Ian A. Dunn
A Day in the Life
The alarm rings. We are going to be leaving in just over an hour. Now mornings aren’t really my favorite thing, so I won’t mention anything about jumping out of bed immediately…that would be a lie. Nevertheless, I do get dressed and sit down for breakfast. Of course, our cats need to share breakfast, they always do.
We gather what we need and take the lunch box, and set off. Today, we are going to the sawmill and the kiln. The sawmill is where the operator (the sawyer) takes whole logs and saws them into boards. The kiln is where the still fresh and green boards are dried and the pitch is set and, so bacteria is killed and the lumber is more stable. The kiln operator also saws boards, but we are not getting any from him today.
We are out of the house and heading down the road. We will get a larger quantity of wood, because we buy enough for many jobs into the future: wood for table tops, for legs. We don’t go out and buy framing material to make our furniture; a lot of our material is custom sawn by local sawyers (remember, those are the sawmill operators). Today, we are going to pick up some pine, and some black locust, and later he will saw out some beech boards that I asked for, for my own work. Unfortunately, he hadn’t been able to saw them, so we will have to come back later. It is an hour-long drive through towns, over back roads, bouncing over potholes and driving down tight ways. We are heading generally to the north, finally pulling onto the remote dirt road. Together his sons and I load the wood. The thick pine has been set in a pile and the sawyer trims them to length while we are there. The black locust is stout stuff, and there is a fair amount of it. Later, the sawyer will saw more locust, but for now, we load up what he has. We also find out that the beech had just been sawn that morning before we arrived. We load that in as well.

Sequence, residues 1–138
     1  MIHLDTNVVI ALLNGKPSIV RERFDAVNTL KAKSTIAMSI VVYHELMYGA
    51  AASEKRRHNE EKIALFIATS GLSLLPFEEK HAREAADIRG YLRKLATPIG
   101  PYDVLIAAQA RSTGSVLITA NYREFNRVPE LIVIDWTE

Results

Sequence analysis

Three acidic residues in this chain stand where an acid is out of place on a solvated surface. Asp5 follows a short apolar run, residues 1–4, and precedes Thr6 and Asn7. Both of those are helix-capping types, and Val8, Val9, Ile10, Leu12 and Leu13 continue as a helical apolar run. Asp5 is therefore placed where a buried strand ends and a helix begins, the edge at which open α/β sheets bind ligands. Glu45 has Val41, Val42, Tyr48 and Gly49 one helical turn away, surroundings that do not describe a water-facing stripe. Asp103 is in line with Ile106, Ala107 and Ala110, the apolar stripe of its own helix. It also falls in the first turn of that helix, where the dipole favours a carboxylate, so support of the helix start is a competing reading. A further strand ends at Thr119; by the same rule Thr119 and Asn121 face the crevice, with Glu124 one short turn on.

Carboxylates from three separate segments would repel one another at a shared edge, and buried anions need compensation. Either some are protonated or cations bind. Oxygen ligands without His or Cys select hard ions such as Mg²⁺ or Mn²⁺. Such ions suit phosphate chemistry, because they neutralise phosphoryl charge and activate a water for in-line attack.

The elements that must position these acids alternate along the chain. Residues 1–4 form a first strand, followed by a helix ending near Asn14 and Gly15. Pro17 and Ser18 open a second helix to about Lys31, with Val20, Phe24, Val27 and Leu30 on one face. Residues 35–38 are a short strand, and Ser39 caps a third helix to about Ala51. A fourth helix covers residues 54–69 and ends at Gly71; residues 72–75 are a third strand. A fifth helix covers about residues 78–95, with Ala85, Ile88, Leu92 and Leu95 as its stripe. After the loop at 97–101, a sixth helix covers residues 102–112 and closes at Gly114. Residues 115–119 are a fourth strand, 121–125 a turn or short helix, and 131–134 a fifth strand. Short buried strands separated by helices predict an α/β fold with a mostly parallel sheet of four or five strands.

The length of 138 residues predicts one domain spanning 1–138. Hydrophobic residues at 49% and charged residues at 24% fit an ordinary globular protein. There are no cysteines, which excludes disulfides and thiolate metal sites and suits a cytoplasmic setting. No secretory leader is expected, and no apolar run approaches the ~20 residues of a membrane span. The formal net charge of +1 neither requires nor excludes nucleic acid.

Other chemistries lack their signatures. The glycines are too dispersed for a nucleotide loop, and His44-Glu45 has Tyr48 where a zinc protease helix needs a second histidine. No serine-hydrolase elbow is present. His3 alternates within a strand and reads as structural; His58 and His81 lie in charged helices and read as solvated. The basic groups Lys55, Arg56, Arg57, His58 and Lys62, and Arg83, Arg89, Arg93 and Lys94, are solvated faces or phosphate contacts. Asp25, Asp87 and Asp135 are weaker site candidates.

After all the wood is in, we say farewell and set off for the kiln. The back roads were made before GPS devices, so don’t trust them all the time. We end up down the end of a dirt road, with the remains of the rest of it disappearing into the forest. Apparently, it was closed down in the 40’s, so the woods have had time to reclaim the land. We back track, and at last we have meandered our way to the kiln.
Here, the kiln operator shows us where he wants our wood, and we unload what will be staying. It will go into the kiln in a day or so. Then, he brings us out back, and we see some white oak logs that he will be milling up, one of which will be turned into boards we will be taking for a client’s table. After seeing this, the operator also shows us some of his other wood, and mentions ideas he has as his own business grows. will go into the kiln in a day or so. Then, he brings us out back, and we see some white oak logs that he will be milling up, one of which will be turned into boards we will be taking for a client’s table. After seeing this, the operator also shows us some of his other wood, and mentions ideas he has as his own business grows.
Our wood dropped off, we head for home, where we organize, rough cut, and stack the rest of the lumber we just picked up…to be turned into useful things in the future. A day in the life of a Yankee Woodworker!